Another consideration is the client's budget - for example, if the client has allocated a budget of $100 or less, so this job should take me about 4 hours to complete. Ask yourself if you can get the job done in that time. If that were a logo design, I know it would take me at least one hour to do the research and another hour and a bit for the 20 or so thumbnail sketches that I do. If it looks like an impossible task, modify the amount of time you spend on each step so that you can get it done in the time allotted, boost the price up a little so that you are not cheapening your work or don't submit a quote at all.
#4 - Provide Contact Details
Kind of self-explanatory, don't you think? Do make sure that the number you provide is suitable for international clients. Know your international phone codes, or at least do a quick Google search. DesignCrowd is an international company, in which clients are found all around the world. If you give them a bad phone number and they cannot contact you, then you most likely will not get the job.
#5 - Provide Extra Detail
The next three sections all have that word Optional next to them. Don't leave them out! When you fill them in, it shows that you have a greater interest in the job than someone who simply undercuts previous bidders without leaving any additional information! Clients are more likely to choose someone that is interested over the cheapest alternative. These sections are a lot more important if you are asking more than the budget provided.
#6 - Provide Examples of Previous Work
Make sure that the works that you link to are similar to the brief that was handed to you. No point in sending them an example of web work if they are asking for a print design. If you don't have any work that is similar, link something that you are proud of and most closely fits the style that you will be working with in the work that you will be doing for the client.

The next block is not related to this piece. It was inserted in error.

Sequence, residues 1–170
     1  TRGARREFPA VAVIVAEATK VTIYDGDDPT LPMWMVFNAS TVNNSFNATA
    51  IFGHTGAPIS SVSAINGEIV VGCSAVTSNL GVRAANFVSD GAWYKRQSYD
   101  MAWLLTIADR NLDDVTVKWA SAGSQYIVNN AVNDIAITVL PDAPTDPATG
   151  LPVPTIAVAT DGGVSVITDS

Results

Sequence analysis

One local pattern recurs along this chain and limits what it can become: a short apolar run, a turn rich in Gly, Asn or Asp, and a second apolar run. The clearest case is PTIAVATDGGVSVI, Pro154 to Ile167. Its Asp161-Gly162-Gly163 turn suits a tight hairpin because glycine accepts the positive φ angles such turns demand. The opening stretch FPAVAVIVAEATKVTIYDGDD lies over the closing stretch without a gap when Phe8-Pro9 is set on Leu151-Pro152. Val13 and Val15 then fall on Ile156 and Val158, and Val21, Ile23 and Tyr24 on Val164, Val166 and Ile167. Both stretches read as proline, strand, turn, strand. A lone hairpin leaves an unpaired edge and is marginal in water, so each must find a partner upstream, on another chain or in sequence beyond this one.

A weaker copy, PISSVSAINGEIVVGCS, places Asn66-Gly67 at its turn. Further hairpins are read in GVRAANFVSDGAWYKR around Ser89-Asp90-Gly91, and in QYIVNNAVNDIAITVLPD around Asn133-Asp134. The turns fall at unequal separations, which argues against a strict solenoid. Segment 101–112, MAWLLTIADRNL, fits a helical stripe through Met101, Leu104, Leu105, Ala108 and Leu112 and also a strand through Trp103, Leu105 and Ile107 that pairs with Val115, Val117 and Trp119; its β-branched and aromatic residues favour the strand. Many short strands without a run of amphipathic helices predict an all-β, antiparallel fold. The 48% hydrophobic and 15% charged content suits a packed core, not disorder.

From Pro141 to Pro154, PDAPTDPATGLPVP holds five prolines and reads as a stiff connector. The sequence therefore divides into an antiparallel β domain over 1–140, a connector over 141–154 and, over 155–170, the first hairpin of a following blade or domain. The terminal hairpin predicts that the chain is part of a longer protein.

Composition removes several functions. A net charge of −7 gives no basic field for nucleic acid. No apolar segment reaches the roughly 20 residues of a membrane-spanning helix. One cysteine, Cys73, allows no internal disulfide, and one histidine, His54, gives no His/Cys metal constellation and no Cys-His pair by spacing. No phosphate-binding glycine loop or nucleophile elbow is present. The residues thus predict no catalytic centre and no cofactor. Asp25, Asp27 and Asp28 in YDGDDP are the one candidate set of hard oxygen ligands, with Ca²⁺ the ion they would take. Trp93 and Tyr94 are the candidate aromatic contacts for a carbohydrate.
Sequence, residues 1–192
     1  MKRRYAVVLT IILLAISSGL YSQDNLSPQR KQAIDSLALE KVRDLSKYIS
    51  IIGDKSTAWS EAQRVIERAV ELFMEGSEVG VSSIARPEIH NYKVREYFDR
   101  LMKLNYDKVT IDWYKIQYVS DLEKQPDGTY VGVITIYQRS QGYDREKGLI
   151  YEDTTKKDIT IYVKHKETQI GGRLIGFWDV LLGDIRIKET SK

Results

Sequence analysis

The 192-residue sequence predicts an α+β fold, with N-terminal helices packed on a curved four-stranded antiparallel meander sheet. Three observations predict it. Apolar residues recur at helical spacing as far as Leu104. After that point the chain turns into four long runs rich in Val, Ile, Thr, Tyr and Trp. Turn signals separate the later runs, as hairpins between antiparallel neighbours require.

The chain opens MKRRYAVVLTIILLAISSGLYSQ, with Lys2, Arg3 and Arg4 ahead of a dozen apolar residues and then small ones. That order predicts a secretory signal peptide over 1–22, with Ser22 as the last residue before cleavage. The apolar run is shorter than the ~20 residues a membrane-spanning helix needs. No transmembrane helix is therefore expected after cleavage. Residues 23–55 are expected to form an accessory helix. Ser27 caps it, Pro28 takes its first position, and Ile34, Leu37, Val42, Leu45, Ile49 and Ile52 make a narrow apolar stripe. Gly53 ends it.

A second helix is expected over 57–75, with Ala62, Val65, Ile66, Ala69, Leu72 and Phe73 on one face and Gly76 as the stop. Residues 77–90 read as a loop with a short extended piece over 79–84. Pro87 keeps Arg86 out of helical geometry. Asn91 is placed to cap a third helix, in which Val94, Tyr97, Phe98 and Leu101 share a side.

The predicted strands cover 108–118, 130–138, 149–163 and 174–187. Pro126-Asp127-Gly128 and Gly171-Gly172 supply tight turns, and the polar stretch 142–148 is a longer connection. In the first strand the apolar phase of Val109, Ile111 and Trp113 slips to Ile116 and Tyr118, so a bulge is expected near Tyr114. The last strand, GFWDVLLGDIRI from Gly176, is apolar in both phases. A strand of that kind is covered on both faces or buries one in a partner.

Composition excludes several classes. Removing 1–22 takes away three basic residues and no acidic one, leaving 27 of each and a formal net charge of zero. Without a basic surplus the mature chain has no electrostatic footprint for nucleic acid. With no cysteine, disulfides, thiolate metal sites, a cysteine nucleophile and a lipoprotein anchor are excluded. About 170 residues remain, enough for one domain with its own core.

The best thing to have is an online portfolio (something like www.theloop.com.au or your own website if you have one) where the client can browse through your work at their leisure. If they dig further, they might find something that they really like and you will then be that one step closer to getting the design job.
#7 - Do not compete just on price - Sell Yourself
Explain to the client what you'll do for them. Here is where the list of keywords that you have extracted from the brief will come in handy. Use them. The client will know that you have read the brief and have created the pitch based on their needs.
This is also where you can explain why you think you're the right designer for the job. Tell the client what you are good at. Why are you different to everyone else that has applied for the job? What can the client do to get more information from you? Keep it succinct; a few sentences should do. Clients don't want to read a wall of text.
#8 - Give Your Conditions
State your hourly rate and your expected timeline and justify yourself if you've gone over their budget. This is a good place to discuss how you'll hand over the finished work and under what conditions. Give an estimate on how soon you'll be able to deliver the work in days or weeks. Be as precise as you can!
PART B - Example of a Killer Quote
Here's an example quote that I submitted to our example 'Church Bulletin' print design project on DesignCrowd. I've included some comments, thinking and further on the right against each section.
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Having a custom (and good) avatar and professional name is critical.
Here are some good examples:
I'm based in Australia and work off an hourly rate of $25. I think this job (and the deliverables I'm offering) will take 13 hours, so my quote is $325 (10% above their budget) which is, of course, acceptable. Your hourly rate will be different and should depend on your experience and the country you're in.
This is your opportunity to showcase relevant works and your portfolio (that may not be on DesignCrowd).
If you have any examples that are the same deliverable type, the same style or the same industry as the client's project - include these first.
This is where you pitch your services.
Make your pitch bespoke for this client.
Clients are put off by generic / template pitching. At the end I've included a call to action. The ball is now in the client's court.
Be explicit about what you'll deliver and how long you'll take.
Include anything you're not responsible for (such as copy or photography).
Regarding timeline, base this on your availability and make sure to include buffer for emergencies and revisions.
Note that we'll automatically include examples from your DesignCrowd portfolio.